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ATP! Album Review: The Locust - Molecular Genetics From The Gold Standard Labs

For four of guys clad head-to-toe in skin tight insect uniforms, torturing their instruments to create the most unapologetically inaccessible cyber-death-grind-power-core possible punctuated by breakneck beats and walls of sic-fi synth noise, The Locust have transformed and transcended expectations by drilling close to their second decade together. Aside from "The Peel Sessions" released two years ago (almost ten after the original recording), The Locust have been criminally inactive since their last full-length "New Erections" in 2007, and with no strong hint of new material to come, a release revisiting their earlier days will have to suffice.

Comprised of 44 out-of-print hard-to-find tracks harvested from EP's, 7 inches, splits and LP's from their pre-Epitaph years, "Molecular Genetics From The Gold Standard Labs" is a reminder to those who may have let The Locust's reputation - which often precedes them like a lightning flash before a thunder roll - override the antagonistic sonic fusion they managed to cultivate by sucking the masculine bravado out of power-violence and coalescing it with tortuous time signatures and electronic surrealism, without which the emergence of many of the more experimental screamo bands from early 00's to now would have been severely hampered.

Grounded and fueled by socio-political frustration and garnished by a darkly comic artistic vision, each track on "Molecular Genetics" warps, boils and bubbles over into the next, feeling more like an active, ongoing experiment than a tried, tested and consequently refined result. With perpetual shifts in timing, tempo and mood causing you to wind up hearing through your eyes, seeing through your ears and bleeding from your mind, every beat has the momentum of an idea caught just at the point of discovery - existing only for a fraction of a second before degrading and resurrecting almost immediately as something else.

Despite the apparent disorganized nature of the individual tracks, the revisited material plays through with a strong fluidity, essentially working from "Plague Soundscapes" (2003) all the way back to their split with Man Is The Bastard (1995). Some tracks dive straight into furious drum beats, others open with high-pitched synth squeals or audibly ambiguous noises that sound like something you'd hear coming from Ed Gein's shed. The increasing cross-pollination between crusty grindcore and electronically experimentation is evident throughout, most notably on the exclusively instrumental 'Flight Of The Wounded Locust' where a Moog takes place of a Gibson, and shredded hard accordingly.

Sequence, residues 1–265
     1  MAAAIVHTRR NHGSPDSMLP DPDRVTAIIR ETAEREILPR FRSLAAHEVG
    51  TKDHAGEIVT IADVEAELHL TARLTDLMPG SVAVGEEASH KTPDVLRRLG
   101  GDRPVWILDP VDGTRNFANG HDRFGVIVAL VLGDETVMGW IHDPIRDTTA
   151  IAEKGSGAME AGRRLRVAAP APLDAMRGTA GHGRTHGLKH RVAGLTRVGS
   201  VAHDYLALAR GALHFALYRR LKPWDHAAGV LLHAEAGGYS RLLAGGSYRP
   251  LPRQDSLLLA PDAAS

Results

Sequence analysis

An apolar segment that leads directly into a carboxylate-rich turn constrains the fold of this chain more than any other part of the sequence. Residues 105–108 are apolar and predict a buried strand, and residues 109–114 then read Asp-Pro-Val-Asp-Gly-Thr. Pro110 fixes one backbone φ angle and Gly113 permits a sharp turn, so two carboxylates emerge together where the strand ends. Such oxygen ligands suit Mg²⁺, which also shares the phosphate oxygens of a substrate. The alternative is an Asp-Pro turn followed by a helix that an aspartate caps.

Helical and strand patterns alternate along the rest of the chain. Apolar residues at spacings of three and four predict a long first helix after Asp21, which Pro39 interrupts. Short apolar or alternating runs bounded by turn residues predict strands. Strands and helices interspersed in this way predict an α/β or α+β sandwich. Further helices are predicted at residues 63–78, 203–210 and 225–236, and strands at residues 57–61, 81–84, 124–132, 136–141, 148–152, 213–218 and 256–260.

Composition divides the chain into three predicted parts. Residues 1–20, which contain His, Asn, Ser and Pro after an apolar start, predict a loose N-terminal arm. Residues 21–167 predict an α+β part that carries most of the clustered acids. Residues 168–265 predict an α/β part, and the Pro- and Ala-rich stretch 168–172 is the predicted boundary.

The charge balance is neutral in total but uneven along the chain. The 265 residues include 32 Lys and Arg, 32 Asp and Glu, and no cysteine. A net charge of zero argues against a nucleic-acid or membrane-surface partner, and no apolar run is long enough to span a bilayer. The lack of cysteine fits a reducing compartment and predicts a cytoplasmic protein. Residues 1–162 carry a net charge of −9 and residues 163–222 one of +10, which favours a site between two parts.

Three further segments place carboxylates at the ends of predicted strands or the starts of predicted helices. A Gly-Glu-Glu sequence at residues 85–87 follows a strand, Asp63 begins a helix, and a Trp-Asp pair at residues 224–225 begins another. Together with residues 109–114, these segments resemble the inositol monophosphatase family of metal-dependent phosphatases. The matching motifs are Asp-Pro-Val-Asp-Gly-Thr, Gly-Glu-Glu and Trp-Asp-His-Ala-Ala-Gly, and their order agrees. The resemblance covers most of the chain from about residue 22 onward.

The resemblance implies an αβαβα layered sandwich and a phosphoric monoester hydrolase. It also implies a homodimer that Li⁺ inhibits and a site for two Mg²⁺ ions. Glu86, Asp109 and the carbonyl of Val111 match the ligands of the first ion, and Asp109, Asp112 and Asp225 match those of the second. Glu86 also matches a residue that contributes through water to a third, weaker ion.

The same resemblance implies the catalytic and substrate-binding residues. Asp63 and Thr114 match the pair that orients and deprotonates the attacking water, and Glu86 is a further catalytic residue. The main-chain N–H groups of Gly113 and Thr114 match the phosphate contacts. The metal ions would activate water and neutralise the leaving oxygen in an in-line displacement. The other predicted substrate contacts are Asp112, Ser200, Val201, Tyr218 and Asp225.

The Locust aren't a middle-of-the-road kind of band. You either don't get them, or you love them. If you find yourself in the former category, then you will probably have an easier time getting to grips with their later material, and those who comprise the latter will probably have (at least) heard the majority of the tracks on "Molecular Genetics" already. This makes the release somewhat superfluous on an idealistic level, however, it does provide a great insight into the origins and development of The Locust and gives the more hardened fans a chance to own a physical copy of material that can be either difficult or expensive to get hold of. There is also the added bonus of the tracks being treated to a slightly higher definition, providing a little more depth and clarity that wouldn't have been financially viable at the original time of production.

"Molecular Genetics" is an acute representation of The Locust as merciless musical maelstrom, and a vivifying addition to the catalog of a band who have unremittingly challenged the general perceptions and conventions of music by essentially trying to destroy it.


"Molecular Genetics From The Gold Standard Labs" is out now through Anti- Records.

Emma Garland

Alter The Press!